The prevalence of bullying among children has prompted the development of school- based programs to address this problem. This pilot study evaluated the effectiveness of a brief, standalone bystander bullying program for elementary school students. The purpose to the program was to train students to take action as peer-advocates. After completing the 75-minute program, students reported an increase in their ability to identify what different types of bullying look like, knowledge of bystander intervention strategies, and general confidence intervening as peer-advocates. Furthermore, fifth grade students showed the greatest response to the program. Implications for school counselors as leaders in program implementation and future directions for research are discussed.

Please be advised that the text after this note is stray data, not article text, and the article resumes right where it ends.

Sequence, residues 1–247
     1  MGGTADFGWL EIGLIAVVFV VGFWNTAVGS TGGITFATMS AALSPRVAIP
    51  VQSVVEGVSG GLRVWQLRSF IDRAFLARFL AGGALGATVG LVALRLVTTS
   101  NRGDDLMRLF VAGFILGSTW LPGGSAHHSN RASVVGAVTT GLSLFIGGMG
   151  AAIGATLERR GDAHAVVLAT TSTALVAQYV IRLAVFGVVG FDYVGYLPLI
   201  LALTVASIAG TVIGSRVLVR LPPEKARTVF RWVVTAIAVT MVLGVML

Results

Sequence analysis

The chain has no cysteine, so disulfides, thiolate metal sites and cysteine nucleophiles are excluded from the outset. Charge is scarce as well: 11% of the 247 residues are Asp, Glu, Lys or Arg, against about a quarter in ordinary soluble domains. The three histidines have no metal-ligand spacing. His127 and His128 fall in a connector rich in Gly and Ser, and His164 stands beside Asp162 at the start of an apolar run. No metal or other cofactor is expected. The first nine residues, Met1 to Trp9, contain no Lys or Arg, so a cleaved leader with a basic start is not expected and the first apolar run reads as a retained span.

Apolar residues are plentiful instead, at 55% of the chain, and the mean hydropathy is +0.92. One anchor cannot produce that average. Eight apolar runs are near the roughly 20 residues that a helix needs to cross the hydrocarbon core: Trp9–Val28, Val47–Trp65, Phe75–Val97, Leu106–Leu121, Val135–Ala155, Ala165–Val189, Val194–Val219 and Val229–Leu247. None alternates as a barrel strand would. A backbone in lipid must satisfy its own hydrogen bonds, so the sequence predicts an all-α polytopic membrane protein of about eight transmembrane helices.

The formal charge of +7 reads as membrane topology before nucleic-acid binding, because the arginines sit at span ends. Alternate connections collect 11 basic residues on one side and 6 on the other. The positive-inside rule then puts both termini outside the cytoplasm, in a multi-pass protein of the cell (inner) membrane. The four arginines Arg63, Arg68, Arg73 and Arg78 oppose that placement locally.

This is an author-produced, peer-reviewed version of this article. The final, definitive version of this document can be found online at Journal of Creativity in Mental Health, published by Routledge. Copyright restrictions may apply.
Midgett, Aida and Doumas, Diana M.. (2016). "Training Elementary School Students to Intervene as Peer-Advocates to Stop Bullying at School: A Pilot Study". Journal of Creativity in Mental Health, 11(3-4), 353-365.
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